Skip to main content

GEM-TRAIT: The Global Ecosystems Monitoring and Trait Study: a novel approach to quantifying the role of biodiversity in the functioning and future of tropical forests

Final Report Summary - GEM-TRAIT (GEM-TRAIT: The Global Ecosystems Monitoring and Trait Study: a novel approach to quantifying the role of biodiversity in the functioning and future of tropical forests.)

The GEM-TRAIT project directly addressed one of the greatest challenges in global change science: how will the terrestrial biosphere respond to global atmospheric change and, more specifically, how does the biodiversity of the biosphere moderate or affect that response? The project focused on tropical forests and savannas, home to over 60% of global biodiversity and global productivity.
It approached the challenge by focussing first on the lack of data on ecosystem function and functional diversity from tropical biomes, and then tackling some of the challenges of using these data to develop theory, modelling and remote sensing approaches.

To collect the data on ecosystem functioning, the first focus of the project was to collect and coordinate a global network of intensive ecosystem productivity and carbon cycle measurements, the GEM network (GEM: gem.tropicalforests.ox.ac.uk). This network collected data, at monthly resolution, from 84 plots in 17 locations across the tropics. This was a huge coordinated global effort: at each site this involved a team of local technicians or students spending one to two weeks every week in the forest collecting data on tree growth, litter sampling, carbon dioxide flux measurements, root growth studies and many other aspects. Sites ranged from the slopes of the Andes mountains, through the forests and savannas of Bolivia and Brazil, to the rarely studies forests of West and Central Africa, the fragmented forest landscapes of Borneo, the forests of NE Australia and on a coral atoll in the South Pacific. Overall this constitutes by far the largest dataset on tropical ecosystem and function, enhancing the total available data for the tropics by an order of magnitude.

This monitoring period also coincided with the El Niño event of 2015/16, the strongest such event for at least two decades. This event caused major disruption of the global tropical carbon cycle, and this project was in the fortuitous position of being able to track the detailed impacts of this event across all out sites, providing detailed and global insights into the processes involved in turning the tropics into a carbon source during such events. These insights are being used to inform the next generation of biosphere model development.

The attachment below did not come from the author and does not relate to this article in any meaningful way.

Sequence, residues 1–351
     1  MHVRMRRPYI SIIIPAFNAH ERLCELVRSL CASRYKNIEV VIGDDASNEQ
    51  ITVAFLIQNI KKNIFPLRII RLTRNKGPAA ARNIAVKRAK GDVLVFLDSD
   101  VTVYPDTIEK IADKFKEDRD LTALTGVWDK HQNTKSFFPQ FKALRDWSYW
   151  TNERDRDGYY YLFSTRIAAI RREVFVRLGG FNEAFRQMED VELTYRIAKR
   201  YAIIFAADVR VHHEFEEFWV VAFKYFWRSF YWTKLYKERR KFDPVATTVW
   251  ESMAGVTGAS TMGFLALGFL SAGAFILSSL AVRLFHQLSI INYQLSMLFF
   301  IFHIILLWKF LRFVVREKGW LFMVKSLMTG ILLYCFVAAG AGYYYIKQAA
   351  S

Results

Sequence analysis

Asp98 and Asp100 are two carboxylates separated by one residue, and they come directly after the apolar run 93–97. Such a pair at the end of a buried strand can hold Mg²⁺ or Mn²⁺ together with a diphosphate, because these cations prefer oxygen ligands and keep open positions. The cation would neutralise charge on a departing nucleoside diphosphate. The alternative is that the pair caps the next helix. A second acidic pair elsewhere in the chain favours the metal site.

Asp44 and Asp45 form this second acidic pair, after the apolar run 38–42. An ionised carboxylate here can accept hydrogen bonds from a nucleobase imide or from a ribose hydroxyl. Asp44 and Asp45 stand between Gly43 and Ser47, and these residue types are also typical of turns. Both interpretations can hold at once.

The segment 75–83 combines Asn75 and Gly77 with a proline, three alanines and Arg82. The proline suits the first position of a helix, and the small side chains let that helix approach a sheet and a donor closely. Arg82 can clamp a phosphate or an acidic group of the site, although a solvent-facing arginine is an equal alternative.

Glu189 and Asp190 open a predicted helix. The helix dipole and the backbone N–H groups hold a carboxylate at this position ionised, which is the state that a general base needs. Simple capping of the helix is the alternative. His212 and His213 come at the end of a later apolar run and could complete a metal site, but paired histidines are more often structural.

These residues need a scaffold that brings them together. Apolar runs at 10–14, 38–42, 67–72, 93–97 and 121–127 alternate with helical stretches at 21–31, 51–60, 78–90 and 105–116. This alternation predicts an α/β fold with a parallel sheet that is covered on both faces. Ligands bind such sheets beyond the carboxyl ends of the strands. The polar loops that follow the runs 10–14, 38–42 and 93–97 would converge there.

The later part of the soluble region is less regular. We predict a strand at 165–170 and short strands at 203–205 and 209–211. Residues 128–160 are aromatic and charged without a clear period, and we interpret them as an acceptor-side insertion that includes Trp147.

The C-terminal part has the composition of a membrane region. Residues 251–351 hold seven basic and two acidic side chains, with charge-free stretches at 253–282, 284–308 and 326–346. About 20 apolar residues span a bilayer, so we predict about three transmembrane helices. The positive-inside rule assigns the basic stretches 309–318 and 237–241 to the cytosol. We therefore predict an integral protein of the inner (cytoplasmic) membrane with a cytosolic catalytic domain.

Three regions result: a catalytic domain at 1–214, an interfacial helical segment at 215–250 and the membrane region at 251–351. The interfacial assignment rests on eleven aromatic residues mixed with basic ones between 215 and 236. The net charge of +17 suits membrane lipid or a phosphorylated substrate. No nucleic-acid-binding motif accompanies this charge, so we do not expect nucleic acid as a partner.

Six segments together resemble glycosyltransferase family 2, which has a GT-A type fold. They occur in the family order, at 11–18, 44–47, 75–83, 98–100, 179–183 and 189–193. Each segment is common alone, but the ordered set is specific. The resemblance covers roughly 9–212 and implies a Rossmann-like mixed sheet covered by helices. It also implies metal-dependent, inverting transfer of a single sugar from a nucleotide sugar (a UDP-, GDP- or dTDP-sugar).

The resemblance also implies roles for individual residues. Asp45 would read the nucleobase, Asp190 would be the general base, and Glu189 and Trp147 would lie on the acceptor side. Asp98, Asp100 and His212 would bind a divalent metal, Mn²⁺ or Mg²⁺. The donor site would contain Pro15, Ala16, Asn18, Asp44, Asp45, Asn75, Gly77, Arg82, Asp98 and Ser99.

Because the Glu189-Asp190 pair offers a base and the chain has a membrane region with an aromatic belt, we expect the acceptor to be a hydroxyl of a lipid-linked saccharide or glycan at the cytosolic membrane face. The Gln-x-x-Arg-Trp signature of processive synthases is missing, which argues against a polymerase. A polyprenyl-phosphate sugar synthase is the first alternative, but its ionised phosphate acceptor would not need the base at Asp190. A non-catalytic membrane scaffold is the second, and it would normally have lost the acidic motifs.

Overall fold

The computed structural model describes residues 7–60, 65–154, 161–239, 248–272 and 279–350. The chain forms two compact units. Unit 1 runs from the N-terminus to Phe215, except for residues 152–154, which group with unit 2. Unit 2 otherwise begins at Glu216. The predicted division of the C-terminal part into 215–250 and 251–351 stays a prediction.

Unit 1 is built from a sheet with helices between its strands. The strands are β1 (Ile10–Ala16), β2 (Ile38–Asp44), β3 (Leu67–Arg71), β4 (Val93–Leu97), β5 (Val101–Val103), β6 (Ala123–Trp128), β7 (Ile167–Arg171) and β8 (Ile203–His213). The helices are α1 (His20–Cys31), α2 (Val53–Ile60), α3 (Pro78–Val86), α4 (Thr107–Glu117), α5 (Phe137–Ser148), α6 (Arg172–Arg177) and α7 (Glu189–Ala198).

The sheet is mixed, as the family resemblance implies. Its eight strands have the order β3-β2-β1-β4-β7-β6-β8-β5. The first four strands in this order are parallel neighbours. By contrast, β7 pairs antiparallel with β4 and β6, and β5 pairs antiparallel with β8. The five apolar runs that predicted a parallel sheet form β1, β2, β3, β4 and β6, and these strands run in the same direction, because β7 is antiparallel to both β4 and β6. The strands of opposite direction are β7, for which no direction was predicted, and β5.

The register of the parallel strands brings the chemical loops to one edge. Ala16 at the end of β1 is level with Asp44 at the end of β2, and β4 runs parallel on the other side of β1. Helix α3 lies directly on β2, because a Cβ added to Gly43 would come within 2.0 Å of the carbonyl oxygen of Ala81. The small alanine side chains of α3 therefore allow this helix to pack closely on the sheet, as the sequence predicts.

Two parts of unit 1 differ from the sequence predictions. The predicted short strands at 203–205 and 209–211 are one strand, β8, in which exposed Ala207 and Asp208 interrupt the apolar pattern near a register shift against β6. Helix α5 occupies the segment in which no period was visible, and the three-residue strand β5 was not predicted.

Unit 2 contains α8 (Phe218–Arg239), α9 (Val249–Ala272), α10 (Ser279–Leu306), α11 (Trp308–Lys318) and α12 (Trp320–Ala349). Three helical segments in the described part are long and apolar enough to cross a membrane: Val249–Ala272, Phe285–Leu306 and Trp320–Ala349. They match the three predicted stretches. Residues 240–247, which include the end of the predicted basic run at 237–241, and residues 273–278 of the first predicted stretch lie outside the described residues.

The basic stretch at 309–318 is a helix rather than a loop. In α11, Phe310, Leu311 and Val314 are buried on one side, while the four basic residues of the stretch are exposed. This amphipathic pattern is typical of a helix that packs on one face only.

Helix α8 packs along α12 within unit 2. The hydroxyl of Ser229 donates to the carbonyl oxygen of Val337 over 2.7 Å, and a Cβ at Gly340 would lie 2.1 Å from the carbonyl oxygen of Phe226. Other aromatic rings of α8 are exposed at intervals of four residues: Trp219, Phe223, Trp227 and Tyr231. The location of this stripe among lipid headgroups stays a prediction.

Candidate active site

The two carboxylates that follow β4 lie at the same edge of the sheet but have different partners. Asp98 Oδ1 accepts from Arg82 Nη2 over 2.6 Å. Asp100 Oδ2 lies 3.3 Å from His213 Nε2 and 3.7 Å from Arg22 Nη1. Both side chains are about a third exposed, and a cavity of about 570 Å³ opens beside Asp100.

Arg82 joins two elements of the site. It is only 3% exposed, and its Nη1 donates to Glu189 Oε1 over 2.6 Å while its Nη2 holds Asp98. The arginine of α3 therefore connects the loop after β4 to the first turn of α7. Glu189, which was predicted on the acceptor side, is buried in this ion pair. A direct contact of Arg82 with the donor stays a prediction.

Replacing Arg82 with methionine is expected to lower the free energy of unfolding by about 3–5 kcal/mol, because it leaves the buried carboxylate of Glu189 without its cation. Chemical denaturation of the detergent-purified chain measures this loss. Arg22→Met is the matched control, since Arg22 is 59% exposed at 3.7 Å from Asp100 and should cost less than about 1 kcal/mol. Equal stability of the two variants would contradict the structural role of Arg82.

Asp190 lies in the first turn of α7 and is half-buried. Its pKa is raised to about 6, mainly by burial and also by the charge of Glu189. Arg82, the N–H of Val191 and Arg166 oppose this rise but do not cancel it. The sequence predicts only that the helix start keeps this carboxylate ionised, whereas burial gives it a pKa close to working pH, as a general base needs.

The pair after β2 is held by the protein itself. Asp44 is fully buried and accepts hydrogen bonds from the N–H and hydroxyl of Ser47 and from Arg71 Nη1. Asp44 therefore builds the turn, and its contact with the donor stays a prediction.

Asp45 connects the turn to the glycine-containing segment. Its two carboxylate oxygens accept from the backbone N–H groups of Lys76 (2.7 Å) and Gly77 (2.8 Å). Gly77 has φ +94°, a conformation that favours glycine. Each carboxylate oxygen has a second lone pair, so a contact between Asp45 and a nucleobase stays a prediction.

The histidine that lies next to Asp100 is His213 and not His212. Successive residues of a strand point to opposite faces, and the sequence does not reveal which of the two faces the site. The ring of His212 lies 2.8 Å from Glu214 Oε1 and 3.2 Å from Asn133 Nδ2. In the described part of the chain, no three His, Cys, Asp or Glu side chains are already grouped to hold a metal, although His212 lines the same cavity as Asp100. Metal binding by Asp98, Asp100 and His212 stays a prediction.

Our second major data collection effort was to describe the functional biodiversity of the trees in the sites across the network. The approach we took here was to conduct intensive field campaigns, typically 3-6 months in duration, involving up to around 30 people. Typically this involved tree climbers sampling leaves of the major trees from the upper canopy, and then the leaves and wood being sampled for structure, photosynthesis, chemistry and many other features. We first tried our methodologies in a six-month campaign in Peru in 2013, before extending them to Brazil in 2014, Australia and Ghana and Malaysia in 2016, and Gabon and Polynesia in 2017 In total we sampled ten locations across the tropics in five major biogeographical regions (Americas, Africa, SE Asia, Australia and Oceania), collecting leaves from 4014 trees and over 1231 species This is by far the largest leaf functional traits dataset from the tropics.

Beyond this major data collection and databasing effort, our next challenge was to integrate the function and diversity data to test and assist theory and model development. In this effort we initially focused our attention on our elevation gradient in Peru (our earliest and most advanced dataset). Our expectation has been that productivity would decline with elevation in Peru because of lower temperatures. However, our results showed a striking result that, because of the change in species composition, there was very little change in productivity with elevation, i.e. in the long term tropical ecosystems show much less sensitivity to temperature because the species composition of the community shifts to adapt to the local environment. We were able to demonstrate this both through theory and model development. We have now begun to apply a similar analysis to our other data, such as the wet-dry gradients in Ghana and Brazil, to understand whether a similar pattern can be seen in understand how ecosystems respond to drought.

The third key strand of this project was to explore the potential of multispectral and hyperspectral remote sensing approaches to be able to map and detect canopy leaf traits and look at shifts over time. We have demonstrated that such hyperspectral approaches do work (using aircraft-collected data in Peru and drone-collected data in Ghana), and how now exploring the potential of the multispectral data such as from the new Sentinel-2 satellite to map such traits, and changes in traits, at a much larger scale.

Overall, this project has been a success. Our data collection efforts have exceeded what we initially proposed, and theory and model development approaches have been successfully developed and tested. We are making the data collected widely available through an in-house database, and I expect that both my team and the wider scientific community will continue to work with this large dataset for many years to come.